Wirth, Louis, 1897-1952Alternative names
Sociologist. Born, Germany, 1897. Ph. B., University of Chicago, 1919; M.A., 1925; Ph. D., 1926. Instructor, sociology, University of Chicago, 1925-28. Assistant professor, sociology, Tulane University, 1928-29. Assistant professor, sociology, University of Chicago, 1931-1932; associate professor, 1932-39; professor, 1940-1952. Associate dean of Social Sciences Division, 1940-1946.
From the description of Papers, 1918-1952 (inclusive). (University of Chicago Library). WorldCat record id: 52250228
Chairman of the American Sociological Society Committee on Relations with Sociologists in Other Countries.
From the description of Correspondence with Johan Thorsten Sellin, 1951. (University of Pennsylvania Library). WorldCat record id: 243857031
Louis Wirth (1897 - 1952) was born in Gemunden, Germany, on August 28, 1897. He came to the United States at the age of fourteen. After completing high school in Omaha, he pursued undergraduate and graduate work at the University of Chicago, receiving a Ph.B. degree in 1919 and worked as a social worker from 1919 to 1922 in the delinquent boys' division of the Bureau of Personal Service; the M.A. degree in 1925, and the Ph.D. degree in 1926. Aside from an appointment to Tulane University for the year 1928- 29, he was on the staff of the department of sociology at the University of Chicago continuously since 1926, becoming assistant professor in 1931, associate professor in 1932, and full professor in 1940.
Wirth pursued a varied and productive professional career. His interests ranged widely, covering such fields as urbanization, community study, social planning, housing, social organization, human ecology, race relations, nationalities, minority groups, international relations, social theory, and the sociology of knowledge. In the variety of fields he studied social scientists, scholars, government officials, foundations, research agencies, and action groups often sought his advice and guidance. His writings include several books, of which the first is his justly renowned The Ghetto, and over one hundred learned articles. He was an inspiring and highly effective teacher and mentor, stimulating and guiding a surprisingly large number of graduate students who have since risen to prominent positions in sociology and in other areas. In 1938 he published a book entitled Urbanism as a Way of Life, which argued for urbanism as the prevailing way of life in modern society. Wirth argued that the very size and density of modern cities had changed modern people and their relationships.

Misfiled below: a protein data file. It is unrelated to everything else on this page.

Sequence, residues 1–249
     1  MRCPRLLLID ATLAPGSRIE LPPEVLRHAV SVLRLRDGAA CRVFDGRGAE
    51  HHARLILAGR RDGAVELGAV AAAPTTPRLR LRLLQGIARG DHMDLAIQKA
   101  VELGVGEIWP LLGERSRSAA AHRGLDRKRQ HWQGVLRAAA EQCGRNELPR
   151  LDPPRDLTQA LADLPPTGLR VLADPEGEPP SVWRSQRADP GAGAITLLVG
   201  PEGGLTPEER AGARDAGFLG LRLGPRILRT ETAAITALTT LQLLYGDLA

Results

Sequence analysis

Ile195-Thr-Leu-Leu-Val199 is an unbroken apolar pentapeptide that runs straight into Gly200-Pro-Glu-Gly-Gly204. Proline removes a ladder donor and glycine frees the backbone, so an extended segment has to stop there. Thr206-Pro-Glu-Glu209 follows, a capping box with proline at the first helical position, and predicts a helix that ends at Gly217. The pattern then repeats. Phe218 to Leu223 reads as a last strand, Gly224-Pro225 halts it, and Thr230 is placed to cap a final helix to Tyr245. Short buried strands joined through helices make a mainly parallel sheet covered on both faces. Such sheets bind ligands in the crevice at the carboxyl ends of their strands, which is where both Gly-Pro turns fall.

His distinguished career is mirrored in the many posts of eminence that he came to occupy. Among them were the following: secretary of the American Sociological Society (1932) and president (1947); regional chairman of the National Resources Planning Board; director of planning, Illinois Post War Planning Commission; consultant and adviser for the Social Science Research Council of the National Resources Planning Board and the Federal Public Housing Authority; president of the American Council on Race Relations; editor, "Sociology Series" of the Macmillan Company; associate editor, American Journal of Sociology; and president, International Association of Sociologists. His election as the first president of the International Association of Sociologists - a position he held at the time of his death - is signal testimony to the high repute that he had achieved in world scholarship.
Wirth died suddenly and unexpectedly one spring day in 1952 in Buffalo, New York at the young age of 55. He had been in Buffalo to speak at a conference on community relations; he collapsed and died following his presentation.
From the guide to the Wirth, Louis. Papers, 1918-1952, (Special Collections Research Center, University of Chicago Library 1100 East 57th Street Chicago, Illinois 60637 U.S.A.)
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